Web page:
What if you had a medical problem that was affecting your body but you didn’t know you had it? Well, that’s exactly what’s happening to an estimated more than 10 million Americans that may have an undiagnosed thyroid hormone imbalance.
The thyroid gland is a butterfly-shaped gland that’s located in your neck, right under your Adam’s apple. Its primary function is helping to regulate metabolism, and it interacts with every other system in the body. The imbalance is often hypothyroidism, an under-active thyroid condition that accounts for 90% of all thyroid problems. If for any reason your thyroid gland isn’t functioning properly, chances are that you’re not functioning well either.
Signs and Symptoms of Hypothyroidism
So what are some of the main 5 signs and symptoms that could show up if you have an under-active thyroid gland?
First, you’re always feeling fatigued, even if you sleep 8 to 10 hours a night and take frequent naps.
Second, you may gain weight, or be unable to lose weight.
The third sign is that you experience mood changes, and you start having bouts of anxiety or depression.
A fourth sign is that your concentration is poor, and you may show signs of a poor memory.
Finally, the fifth sign is that there may be a hormone imbalance like PMS, infertility and low sex drive.
Other symptoms include joint pain, muscle pain or carpal tunnel syndrome. Your extremities are often always cold. Or you may have dry or cracking skin, brittle nails or excessive hair loss. Hypothyroidism most often affects older women.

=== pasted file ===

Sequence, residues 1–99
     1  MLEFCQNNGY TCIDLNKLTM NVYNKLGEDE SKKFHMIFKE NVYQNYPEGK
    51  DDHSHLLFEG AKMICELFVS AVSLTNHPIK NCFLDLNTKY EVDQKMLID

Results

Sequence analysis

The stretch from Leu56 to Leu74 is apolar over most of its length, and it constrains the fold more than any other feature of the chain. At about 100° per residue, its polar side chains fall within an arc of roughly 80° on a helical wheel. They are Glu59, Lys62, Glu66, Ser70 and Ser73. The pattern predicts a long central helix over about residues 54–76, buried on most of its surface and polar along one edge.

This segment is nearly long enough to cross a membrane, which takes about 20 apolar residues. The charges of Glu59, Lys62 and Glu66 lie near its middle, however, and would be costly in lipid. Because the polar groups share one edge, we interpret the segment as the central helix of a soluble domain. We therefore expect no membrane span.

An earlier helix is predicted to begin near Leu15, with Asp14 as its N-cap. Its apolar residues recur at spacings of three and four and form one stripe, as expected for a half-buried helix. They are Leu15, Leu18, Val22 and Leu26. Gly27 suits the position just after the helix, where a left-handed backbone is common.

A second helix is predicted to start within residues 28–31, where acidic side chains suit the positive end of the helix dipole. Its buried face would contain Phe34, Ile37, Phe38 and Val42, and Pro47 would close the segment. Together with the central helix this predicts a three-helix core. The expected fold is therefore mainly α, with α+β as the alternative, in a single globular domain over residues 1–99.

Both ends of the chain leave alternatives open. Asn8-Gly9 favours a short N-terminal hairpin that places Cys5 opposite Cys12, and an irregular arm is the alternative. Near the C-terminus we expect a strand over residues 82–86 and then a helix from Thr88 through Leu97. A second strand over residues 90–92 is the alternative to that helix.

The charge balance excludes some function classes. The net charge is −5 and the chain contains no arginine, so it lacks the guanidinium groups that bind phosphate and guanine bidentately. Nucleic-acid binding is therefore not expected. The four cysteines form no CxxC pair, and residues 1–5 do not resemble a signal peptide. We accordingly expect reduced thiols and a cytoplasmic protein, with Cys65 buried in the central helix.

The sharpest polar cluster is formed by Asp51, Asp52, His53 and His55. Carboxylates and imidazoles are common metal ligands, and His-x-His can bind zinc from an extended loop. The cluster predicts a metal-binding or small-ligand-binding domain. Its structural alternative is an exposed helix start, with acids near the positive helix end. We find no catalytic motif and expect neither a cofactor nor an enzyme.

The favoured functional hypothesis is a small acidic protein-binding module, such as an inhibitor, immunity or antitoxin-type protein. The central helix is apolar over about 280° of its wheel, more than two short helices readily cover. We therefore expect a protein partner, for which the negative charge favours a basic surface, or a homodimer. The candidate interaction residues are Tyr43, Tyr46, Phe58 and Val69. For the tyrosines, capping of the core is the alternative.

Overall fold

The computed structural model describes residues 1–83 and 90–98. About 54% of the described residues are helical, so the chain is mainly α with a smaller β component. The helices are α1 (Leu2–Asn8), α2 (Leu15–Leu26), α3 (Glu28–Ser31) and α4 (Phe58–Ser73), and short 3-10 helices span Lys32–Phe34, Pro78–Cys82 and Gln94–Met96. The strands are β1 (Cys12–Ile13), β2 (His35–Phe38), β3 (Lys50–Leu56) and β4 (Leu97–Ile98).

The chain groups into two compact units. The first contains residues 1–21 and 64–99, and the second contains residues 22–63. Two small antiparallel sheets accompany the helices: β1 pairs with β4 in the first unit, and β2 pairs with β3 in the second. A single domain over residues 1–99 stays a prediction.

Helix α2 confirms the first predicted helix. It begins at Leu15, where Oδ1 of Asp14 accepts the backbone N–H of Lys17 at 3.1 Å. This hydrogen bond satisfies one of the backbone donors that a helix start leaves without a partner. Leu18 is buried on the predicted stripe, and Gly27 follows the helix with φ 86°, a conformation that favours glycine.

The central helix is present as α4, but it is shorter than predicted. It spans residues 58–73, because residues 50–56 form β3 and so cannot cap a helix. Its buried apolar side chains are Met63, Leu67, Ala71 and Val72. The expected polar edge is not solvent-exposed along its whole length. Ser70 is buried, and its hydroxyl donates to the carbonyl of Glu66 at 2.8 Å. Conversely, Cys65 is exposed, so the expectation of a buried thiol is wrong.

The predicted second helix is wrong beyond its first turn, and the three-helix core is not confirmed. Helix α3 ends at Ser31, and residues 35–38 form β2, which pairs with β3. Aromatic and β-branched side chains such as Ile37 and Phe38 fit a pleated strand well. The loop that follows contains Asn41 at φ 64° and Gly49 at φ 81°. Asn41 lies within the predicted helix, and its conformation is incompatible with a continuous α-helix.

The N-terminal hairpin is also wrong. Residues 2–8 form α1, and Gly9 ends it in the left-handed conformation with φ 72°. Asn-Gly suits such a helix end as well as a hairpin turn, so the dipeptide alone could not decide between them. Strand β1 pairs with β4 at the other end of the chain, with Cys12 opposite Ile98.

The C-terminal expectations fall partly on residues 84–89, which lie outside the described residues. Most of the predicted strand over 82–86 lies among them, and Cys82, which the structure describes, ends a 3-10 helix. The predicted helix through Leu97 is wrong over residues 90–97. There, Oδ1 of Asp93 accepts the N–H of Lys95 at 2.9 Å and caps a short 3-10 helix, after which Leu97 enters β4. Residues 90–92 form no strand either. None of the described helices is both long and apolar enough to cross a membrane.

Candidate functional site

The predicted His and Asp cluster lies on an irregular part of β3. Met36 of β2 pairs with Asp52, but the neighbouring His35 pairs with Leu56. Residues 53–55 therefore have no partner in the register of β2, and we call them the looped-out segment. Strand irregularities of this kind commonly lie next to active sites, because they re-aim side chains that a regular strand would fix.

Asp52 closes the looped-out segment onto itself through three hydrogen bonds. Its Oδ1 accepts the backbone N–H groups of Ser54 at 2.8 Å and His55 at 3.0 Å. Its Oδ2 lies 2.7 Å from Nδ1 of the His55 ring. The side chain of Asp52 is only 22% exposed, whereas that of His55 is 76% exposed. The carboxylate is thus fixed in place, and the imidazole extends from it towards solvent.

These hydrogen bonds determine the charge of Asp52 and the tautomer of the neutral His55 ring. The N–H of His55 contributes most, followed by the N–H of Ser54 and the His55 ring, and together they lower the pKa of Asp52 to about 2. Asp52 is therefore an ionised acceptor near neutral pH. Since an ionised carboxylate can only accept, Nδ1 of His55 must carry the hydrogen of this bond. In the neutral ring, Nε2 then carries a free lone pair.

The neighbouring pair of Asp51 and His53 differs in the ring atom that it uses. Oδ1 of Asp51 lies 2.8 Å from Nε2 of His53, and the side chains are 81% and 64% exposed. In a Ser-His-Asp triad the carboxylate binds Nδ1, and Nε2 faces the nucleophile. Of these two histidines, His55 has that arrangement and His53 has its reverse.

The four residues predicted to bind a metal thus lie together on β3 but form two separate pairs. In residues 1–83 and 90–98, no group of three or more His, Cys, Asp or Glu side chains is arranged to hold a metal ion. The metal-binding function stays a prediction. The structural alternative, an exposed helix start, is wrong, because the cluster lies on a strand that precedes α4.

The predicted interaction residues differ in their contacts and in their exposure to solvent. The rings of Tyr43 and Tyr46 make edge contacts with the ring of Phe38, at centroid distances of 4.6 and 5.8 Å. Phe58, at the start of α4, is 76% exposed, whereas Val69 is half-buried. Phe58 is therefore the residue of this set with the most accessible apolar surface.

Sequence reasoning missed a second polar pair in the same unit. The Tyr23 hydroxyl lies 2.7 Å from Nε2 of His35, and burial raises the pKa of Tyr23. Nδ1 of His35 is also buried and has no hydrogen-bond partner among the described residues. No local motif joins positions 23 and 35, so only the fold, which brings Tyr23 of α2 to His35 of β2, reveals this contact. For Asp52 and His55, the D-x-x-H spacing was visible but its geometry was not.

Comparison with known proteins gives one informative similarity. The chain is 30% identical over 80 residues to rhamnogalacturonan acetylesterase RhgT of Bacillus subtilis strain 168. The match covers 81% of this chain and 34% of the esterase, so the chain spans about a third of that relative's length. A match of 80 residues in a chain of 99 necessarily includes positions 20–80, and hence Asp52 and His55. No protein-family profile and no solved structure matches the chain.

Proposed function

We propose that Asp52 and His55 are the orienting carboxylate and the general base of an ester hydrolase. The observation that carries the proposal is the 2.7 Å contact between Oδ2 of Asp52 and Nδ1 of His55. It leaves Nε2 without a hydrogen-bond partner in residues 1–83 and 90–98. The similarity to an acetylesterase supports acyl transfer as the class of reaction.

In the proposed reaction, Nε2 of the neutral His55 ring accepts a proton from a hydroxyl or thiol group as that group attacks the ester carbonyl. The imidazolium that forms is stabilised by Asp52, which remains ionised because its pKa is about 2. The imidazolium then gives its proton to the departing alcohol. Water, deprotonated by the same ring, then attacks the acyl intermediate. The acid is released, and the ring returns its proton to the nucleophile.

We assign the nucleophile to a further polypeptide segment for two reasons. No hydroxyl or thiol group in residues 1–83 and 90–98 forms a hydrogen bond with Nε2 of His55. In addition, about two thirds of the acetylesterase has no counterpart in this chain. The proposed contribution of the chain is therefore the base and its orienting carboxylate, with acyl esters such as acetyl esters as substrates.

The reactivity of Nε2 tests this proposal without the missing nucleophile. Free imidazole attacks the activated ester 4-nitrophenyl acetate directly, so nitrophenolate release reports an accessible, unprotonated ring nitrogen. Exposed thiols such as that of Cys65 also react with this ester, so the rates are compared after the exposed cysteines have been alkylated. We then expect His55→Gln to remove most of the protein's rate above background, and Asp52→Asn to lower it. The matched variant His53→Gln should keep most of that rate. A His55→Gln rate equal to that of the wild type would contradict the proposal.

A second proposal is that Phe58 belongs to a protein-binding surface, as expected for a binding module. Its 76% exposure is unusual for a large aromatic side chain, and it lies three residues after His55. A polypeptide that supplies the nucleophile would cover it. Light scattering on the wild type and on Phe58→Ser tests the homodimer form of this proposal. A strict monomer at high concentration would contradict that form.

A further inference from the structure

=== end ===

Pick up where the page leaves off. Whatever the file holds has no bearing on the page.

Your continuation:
There are several blood tests that will show if you have a thyroid hormone imbalance, and which type you have.
These tests include measuring your free T3 and T4 hormone levels, along with your TSH level. Your doctor will also look for thyroid antibodies. It’s important to be tested, because when diagnosed and treated promptly you’ll avoid permanent damage to your thyroid gland.
If you’re part of the 10% who have hyperthyroidism, your symptoms may be that you’re moody or nervous, have a high heart rate, shaking hands or breathing issues. You may also have hot, red or itchy skin. Causes may include Grave’s diseases, nodules on your thyroid, pituitary tumors or thyroid cancer.
Treatment for hypothyroidism often involves dietary changes, along with taking iodine and vitamins. Sometimes surgery is required, and if only a small portion of the thyroid gland is removed, the gland can still produce enough hormones to keep the body in balance.
Many physicians treat hypothyroidism with synthetic T4, which can help balance your T4 and TSH levels. The problem is that many people can’t convert T4 to T3, and T3 is the more active thyroid hormone. This leads to an imbalance of T3, and your symptoms will still be present.
A more thorough approach is thyroid hormone replacement therapy. Healthcare professionals who take this approach are looking to keep a patient’s hormone range in the optimal level, instead of an “adequate” level. The optimal level is what helps patients feel their best – without any symptoms. With thyroid hormone replacement therapy physicians use the most effective combination of thyroid hormones, eliminating any hormone imbalance.
Thyroid hormone replacement therapy is perfectly safe, and is designed for the specific needs of each patient. Just make sure the healthcare provider has the knowledge and experience in thyroid hormone replacement therapy to evaluate and manage your care.
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